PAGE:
It’s peak time at your restaurant. Your employees look frazzled and tired. Waiting guests appear annoyed with their arms crossed while glancing at their phones. The line doesn’t seem to let up, and the condiments counter looks like its been hit by a tornado. Your third party delivery drivers are queuing with the rest of your customers.
Does this look like an average rush hour for you? Perhaps it’s mid-day or after work– maybe it’s both times of the day. Either way, you know things can run better. But where do you start? What improvements will truly help to make a difference?
Firstly, pat yourself on the back, you recognize there is a problem, so that’s step one. Next, it’s time for a real, detailed assessment done during your problem hours. After careful observation, try to answer the following questions:
1. Is there clear communication between the front and back of the house? (Do you hear people repeating orders often? Are tickets clear and easy to read?)
2. Are your employees adhering to standard operating procedures, or are they taking shortcuts?
3. Do you have a designated area (clearly visible) for third party delivery couriers and pick up orders?
4. Are your hosts giving guests accurate wait times?
5. Are tickets piling up in the kitchen?
6. Do you often hear complaints from patrons? Are they usually centered around the same thing (i.e., wrong order, long wait times, quality)? Investigate your restaurant’s online reviews on Google and Yelp to help shed some light.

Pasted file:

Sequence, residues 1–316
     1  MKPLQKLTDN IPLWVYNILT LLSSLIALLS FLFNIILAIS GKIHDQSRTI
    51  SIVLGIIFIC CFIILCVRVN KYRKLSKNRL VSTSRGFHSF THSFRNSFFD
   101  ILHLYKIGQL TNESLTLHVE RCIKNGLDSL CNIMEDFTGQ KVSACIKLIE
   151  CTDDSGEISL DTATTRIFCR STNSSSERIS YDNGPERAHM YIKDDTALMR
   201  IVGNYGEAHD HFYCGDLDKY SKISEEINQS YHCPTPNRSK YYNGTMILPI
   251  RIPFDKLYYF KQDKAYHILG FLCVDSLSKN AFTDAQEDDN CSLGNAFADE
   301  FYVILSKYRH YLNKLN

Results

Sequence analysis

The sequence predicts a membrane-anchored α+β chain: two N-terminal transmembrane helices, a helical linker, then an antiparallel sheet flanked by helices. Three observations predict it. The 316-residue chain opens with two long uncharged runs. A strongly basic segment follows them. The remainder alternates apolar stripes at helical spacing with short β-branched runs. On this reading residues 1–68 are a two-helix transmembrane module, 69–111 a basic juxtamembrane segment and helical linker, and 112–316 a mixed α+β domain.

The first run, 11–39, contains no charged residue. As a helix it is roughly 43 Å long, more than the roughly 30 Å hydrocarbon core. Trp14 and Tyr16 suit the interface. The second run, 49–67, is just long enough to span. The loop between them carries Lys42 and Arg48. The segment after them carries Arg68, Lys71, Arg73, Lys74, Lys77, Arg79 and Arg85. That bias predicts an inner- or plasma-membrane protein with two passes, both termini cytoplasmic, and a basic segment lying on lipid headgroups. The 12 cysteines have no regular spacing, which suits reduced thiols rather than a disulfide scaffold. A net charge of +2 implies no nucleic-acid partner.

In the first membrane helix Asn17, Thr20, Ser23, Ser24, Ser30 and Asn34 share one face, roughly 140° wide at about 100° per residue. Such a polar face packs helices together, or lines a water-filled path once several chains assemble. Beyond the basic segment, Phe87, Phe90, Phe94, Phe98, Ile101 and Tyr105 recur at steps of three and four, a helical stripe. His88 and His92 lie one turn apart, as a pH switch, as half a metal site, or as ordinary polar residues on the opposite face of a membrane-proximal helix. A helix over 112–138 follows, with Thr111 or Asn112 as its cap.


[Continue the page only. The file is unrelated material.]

Let’s take a peek in the kitchen. If you notice a backup on tickets, you may be understaffed. Before jumping the gun and hiring a new chef, take note of whether your cooks are doing things efficiently (listen to customer’s feedback to get an idea of where problems are stemming). They may be taking unnecessary steps that eat up time or lack proper training in kitchen efficiency. This highlights why procedures and on-going employee training should be a high priority.
Your front-of-house employees’ actions require just as much examination. Are your hosts giving honest and accurate wait times? Do they know how to operate your Point of Sale system with ease? (And if you’re not using one, it’s probably time to make that investment). Are they communicating with the kitchen as efficiently as possible? Just as with the chefs in the back, these staff members should be well-trained on how to handle customers as well as the technology your restaurant utilizes.
You’ll notice a recurring theme here. Your staff will only perform as well as they’ve been trained to utilize the tools you have given them. Their inefficient performance can be a reflection of restaurant management or operational inefficiencies.
A few bonus tips: entertain your guests and give them a comfortable area to wait. Consider TVs, music, and free Wi-Fi. To keep lines orderly, ensure you have a designated and clearly labeled “pick-up only” section.Restaurant Management, Restaurant Training